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Drawing Activities for Adolescents in Counseling

by
author image Rachel Pancare
Rachel Pancare taught elementary school for seven years before moving into the K-12 publishing industry. Pancare holds a Master of Science in childhood education from Bank Street College and a Bachelor of Arts in English from Skidmore College.
Drawing Activities for Adolescents in Counseling
Drawing can help adolescents express feelings more freely. Photo Credit Steve Mason/Valueline/Getty Images

Art can be a powerful form of therapy for adolescents in counseling. Through creative activities such as drawing, many teens feel more able to convey difficult thoughts and emotions they can't express in words. Drawing, in combination with other counseling techniques, can help adolescents process confusing feelings in their lives, heal from upsetting memories and learn to overcome hardship. In a "Western Journal of Medicine" article titled "Art Therapy with Adolescents," Shirley Riley explains that "Imagery taps into a person's earliest way of knowing and reacting to the world; therefore, it is not foreign to the experience of learning."

Drawing Journal

A drawing journal allows a child to draw out her emotions. Drawings can include real life scenes and objects, or they can be more free and abstract. Allow children to explore different mediums. They can draw in color with markers, crayons or colored pencils, or they can use regular pencil or charcoal for black and white pictures. The journal can be used daily, during counseling sessions, or whenever needed. According to Republicanherald.com article titled "Art Therapy Helps Children to Express Themselves in Counseling," art activities such as drawing can help parents or counselors dissect and understand what is happening in a child's life.

Balloon Drawing

Not all drawings are meant to be kept, reviewed or assessed. One drawing activity that can benefit adolescents in counseling is releasing a piece of art that is associated with negative emotions. NursingSchools.net recommends this activity in the article "100 Excellent Art Therapy Exercises for Your Mind, Body, and Soul." A child can draw a picture that represents difficult emotions they are experiencing, including anger, fear, grief, shame or disappointment. The picture can then be attached to a balloon and released. Through this activity, an adolescent can feel a sense of freedom from their negative emotions by metaphorically letting go of them. It can be a way of healing from painful memories.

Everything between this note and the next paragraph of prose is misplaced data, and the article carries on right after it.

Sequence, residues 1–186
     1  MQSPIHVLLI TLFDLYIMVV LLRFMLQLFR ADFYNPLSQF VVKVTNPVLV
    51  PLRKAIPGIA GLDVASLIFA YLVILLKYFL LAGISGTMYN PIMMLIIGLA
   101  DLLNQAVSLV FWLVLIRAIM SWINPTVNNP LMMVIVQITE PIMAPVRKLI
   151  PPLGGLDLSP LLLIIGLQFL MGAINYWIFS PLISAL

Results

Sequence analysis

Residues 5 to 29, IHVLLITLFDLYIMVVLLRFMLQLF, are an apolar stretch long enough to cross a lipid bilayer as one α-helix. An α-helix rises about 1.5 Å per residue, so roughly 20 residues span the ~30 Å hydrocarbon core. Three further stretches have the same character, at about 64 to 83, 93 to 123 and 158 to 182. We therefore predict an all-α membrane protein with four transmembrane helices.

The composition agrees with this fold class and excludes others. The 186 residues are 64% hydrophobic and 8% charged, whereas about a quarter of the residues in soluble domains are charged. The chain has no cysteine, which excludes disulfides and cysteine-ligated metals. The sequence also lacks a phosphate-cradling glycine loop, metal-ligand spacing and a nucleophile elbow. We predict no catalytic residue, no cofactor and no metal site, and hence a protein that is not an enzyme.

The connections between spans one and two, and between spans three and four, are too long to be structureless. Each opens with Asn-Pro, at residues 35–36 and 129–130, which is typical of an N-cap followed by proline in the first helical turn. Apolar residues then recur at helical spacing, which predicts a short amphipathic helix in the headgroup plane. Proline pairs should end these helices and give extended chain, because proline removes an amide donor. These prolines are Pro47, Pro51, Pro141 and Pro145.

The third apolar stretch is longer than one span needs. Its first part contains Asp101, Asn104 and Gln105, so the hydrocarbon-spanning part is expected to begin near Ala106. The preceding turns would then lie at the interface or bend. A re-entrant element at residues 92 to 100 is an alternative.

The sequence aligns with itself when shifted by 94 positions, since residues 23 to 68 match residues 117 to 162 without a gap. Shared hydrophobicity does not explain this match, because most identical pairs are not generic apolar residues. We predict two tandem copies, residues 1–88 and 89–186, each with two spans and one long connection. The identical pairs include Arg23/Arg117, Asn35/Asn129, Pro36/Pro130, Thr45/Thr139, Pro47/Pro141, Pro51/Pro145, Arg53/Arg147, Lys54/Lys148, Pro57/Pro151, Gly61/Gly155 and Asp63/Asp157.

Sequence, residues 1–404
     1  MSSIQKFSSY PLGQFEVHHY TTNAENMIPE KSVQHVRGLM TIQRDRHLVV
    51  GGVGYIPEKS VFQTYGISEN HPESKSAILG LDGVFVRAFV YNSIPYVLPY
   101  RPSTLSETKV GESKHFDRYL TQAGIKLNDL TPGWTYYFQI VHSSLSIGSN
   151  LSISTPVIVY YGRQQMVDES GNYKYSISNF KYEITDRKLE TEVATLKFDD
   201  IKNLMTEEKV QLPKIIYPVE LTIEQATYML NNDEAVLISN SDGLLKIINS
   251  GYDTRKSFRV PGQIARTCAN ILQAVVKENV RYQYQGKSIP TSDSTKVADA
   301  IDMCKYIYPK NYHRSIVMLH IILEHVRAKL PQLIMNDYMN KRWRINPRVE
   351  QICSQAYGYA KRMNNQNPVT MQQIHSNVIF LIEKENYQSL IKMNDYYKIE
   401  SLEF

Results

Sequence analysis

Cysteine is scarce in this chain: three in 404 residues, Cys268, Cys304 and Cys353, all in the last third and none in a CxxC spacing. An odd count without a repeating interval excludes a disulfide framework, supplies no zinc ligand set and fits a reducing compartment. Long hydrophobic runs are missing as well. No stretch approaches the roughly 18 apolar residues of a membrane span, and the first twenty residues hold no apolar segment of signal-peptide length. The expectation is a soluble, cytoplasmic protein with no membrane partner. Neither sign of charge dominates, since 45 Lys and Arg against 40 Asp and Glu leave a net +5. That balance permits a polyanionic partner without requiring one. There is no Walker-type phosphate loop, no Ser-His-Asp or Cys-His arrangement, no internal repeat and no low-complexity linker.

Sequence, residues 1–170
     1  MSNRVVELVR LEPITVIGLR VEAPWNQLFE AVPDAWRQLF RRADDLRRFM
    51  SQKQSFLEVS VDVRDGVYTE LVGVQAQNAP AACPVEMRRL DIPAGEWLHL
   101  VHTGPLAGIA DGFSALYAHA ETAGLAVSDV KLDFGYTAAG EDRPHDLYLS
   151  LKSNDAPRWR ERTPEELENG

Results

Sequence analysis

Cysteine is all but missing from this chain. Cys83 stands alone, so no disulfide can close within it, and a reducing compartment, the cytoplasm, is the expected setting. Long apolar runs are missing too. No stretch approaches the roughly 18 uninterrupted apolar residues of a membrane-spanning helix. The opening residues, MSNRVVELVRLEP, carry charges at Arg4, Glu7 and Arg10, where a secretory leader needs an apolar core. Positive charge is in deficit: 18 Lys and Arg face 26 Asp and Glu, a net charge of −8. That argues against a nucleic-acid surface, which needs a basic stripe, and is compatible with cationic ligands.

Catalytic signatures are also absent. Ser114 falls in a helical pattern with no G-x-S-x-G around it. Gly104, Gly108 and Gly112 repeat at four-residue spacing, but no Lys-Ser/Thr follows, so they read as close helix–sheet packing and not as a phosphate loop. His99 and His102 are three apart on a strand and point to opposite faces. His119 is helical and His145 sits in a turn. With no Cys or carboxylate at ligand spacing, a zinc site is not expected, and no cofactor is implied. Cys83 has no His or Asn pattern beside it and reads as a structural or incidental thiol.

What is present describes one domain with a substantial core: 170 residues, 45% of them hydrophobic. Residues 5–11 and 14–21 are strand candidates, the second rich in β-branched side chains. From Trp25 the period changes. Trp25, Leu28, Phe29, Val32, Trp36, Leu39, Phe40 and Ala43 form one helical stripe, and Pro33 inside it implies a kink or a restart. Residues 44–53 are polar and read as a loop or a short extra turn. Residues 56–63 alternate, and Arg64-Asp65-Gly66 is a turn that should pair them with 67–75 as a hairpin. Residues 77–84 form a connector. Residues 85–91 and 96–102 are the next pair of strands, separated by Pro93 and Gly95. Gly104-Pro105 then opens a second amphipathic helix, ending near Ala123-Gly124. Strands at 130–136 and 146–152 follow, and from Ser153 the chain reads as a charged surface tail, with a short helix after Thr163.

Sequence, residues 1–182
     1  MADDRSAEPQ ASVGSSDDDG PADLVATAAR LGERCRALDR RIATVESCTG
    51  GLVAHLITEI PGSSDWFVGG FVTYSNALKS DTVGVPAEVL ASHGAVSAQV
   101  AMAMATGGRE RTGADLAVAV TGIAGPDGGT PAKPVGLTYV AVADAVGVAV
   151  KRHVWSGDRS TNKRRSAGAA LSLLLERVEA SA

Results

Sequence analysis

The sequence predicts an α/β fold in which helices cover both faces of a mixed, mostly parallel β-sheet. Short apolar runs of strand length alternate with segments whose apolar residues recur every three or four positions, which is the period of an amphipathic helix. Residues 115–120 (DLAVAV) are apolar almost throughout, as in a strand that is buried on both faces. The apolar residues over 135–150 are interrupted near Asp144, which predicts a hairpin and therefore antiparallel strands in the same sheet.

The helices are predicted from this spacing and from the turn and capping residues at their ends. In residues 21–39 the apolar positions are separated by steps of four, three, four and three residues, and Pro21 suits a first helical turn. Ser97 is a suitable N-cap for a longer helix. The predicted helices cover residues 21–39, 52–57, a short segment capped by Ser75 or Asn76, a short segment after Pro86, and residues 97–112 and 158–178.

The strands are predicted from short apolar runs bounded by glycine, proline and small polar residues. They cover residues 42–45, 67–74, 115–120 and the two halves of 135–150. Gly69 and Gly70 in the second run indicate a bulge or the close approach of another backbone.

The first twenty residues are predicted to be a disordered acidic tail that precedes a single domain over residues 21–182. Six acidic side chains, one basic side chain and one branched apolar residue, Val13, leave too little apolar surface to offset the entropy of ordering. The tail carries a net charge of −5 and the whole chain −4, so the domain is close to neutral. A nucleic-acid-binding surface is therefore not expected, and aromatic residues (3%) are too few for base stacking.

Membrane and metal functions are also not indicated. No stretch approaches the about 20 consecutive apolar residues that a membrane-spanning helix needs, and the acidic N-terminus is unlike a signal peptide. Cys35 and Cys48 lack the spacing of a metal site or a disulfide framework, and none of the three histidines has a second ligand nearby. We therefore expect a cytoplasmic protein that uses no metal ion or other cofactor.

Relaxation Drawing

For many people, drawing is relaxing, especially when drawing for no particular reason or assignment. Adolescents in counseling can have a "free drawing" time during which they can draw while listening to their favorite music. You can offer a variety of materials such as finger paints, chalk or oil pastels. NursingSchools.net suggests relaxation drawing activities like drawing in the sand, drawing in the dark, scribble drawing and drawing outside. For adolescents who are experiencing a significant amount of stress or pressure in their lives, relaxation drawing can help them feel calmer and can bring a sense of peace to their otherwise chaotic lives.

Self-portraits

Self-portraits can be an effective activity for gaining information about how an adolescent in counseling is feeling about herself. Self-portraiture can be a means of self-reflection and acceptance. NursingSchools.net offers many variations on this activity, such as drawing the self as an animal, a tree, a small child, an adult, or drawing the self as you think others see you. These types of drawings can provide adults with valuable information. They can help reveal an adolescent's state of mind and self image. They can also help children build self-confidence. For instance, a child could draw herself as a warrior or a superhero. Drawing the self can help an adolescent represent herself to others.

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